The dog treats in this category are regulated by the U.S. Department of Agriculture (USDA), so if you’re concerned about what kinds of treats your dog is consuming, talk to your vet. The FDA has published a list of dog treats that are banned because they can be harmful to your dog.
This list is also available from the National Institutes of Health (NIH), so if you’re concerned about foods you’re feeding your pet, talk to your vet. You can also check out the U.S. Food and Drug Administration’s guidelines for safe dog treats.
Can I feed my canine friend dried foods, vitamins and supplements?
It’s likely safe to feed your dog dried foods and vitamins or supplements that are derived from meat, poultry or fish because these items are approved for use. However, the FDA does encourage pet owners who purchase pet food, treats or other products from a licensed pet food company to discuss with their vet whether these products are appropriate for your pet. This FDA video, “What Are Dog Meals and Feeding Recipes?,” explains more about acceptable animal foods.
How do I avoid dog treats that can be harmful to my furry friend?
Because dog treats are food for dogs, they can also be harmful to your pet. Although some treats are naturally sweet, many more can be acidic and contain toxic metals such as arsenic, aluminum and cadmium. If you feed your dog any pet treats, make sure they are formulated with these ingredients in mind. You can check with your vet or pet food company to see what products are acceptable for your pets, but keep in mind that it can be difficult to tell, so ask your pet’s vet about the products’ potential effects.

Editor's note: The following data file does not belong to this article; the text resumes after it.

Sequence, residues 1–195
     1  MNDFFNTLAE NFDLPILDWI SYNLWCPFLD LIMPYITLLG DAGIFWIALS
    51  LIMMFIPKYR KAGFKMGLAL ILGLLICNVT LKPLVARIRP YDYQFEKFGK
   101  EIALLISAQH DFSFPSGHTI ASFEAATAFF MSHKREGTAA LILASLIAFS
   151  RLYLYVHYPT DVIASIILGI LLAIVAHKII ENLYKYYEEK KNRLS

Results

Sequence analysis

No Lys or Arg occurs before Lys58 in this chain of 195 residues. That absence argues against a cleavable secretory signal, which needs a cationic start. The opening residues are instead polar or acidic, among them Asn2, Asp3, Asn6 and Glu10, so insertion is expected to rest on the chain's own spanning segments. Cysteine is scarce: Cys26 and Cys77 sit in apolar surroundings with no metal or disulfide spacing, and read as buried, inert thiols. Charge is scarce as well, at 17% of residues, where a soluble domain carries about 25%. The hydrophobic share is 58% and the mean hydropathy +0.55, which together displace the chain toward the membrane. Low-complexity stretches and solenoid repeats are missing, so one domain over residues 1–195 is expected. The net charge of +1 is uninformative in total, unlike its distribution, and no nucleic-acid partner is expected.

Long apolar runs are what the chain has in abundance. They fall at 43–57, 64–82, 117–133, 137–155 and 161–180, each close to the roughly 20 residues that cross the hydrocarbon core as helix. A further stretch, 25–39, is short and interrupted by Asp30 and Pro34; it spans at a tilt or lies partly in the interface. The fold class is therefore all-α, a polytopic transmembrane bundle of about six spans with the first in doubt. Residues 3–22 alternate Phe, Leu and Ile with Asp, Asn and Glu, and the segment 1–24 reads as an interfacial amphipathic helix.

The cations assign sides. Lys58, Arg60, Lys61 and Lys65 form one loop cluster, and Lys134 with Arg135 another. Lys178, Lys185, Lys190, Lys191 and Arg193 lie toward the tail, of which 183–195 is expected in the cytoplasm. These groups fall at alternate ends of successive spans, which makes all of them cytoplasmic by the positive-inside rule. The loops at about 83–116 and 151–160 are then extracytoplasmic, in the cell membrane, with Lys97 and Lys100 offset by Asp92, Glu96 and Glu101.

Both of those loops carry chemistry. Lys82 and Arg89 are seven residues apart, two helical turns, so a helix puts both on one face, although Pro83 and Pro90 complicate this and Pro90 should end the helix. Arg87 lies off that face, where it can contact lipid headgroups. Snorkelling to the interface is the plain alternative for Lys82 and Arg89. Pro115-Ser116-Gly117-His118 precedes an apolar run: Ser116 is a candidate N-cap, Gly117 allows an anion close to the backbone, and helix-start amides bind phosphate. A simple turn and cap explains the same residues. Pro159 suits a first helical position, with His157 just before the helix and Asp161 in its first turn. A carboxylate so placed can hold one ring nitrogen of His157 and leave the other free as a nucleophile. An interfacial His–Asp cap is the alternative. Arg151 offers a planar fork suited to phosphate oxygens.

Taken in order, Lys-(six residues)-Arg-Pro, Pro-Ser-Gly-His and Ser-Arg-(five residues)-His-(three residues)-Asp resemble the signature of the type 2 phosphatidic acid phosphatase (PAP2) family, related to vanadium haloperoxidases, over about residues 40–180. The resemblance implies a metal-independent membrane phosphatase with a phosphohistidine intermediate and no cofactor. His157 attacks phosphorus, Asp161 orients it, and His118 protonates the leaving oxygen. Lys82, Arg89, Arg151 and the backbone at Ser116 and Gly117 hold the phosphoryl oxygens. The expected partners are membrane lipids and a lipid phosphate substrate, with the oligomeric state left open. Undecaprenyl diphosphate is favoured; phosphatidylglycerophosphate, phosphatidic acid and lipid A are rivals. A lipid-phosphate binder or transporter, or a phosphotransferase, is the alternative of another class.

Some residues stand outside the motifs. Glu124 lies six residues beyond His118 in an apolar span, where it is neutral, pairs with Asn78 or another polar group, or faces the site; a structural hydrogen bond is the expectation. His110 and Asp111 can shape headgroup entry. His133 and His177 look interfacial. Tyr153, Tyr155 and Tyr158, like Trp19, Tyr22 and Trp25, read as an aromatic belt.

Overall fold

Can I keep my pet’s nails clipped during grooming sessions in the summer?
No, cutting the nails during your pet’s summer grooming session is not considered unsafe at this time of the year. Although we don’t recommend the practice of clipping pet’s nails during this time of year, it is possible to clean your pet’s nails during the winter months too. Check with your vet if your pet needs nail clipping if your nails continue to grow on their own, or a partial removal if your pet’s nails feel too short after the summer salon.
This article was provided by PetMD and was not edited by veterinary professional health care specialists. For more about pet health topics, you may wish to view our article on Dogs for Relief.
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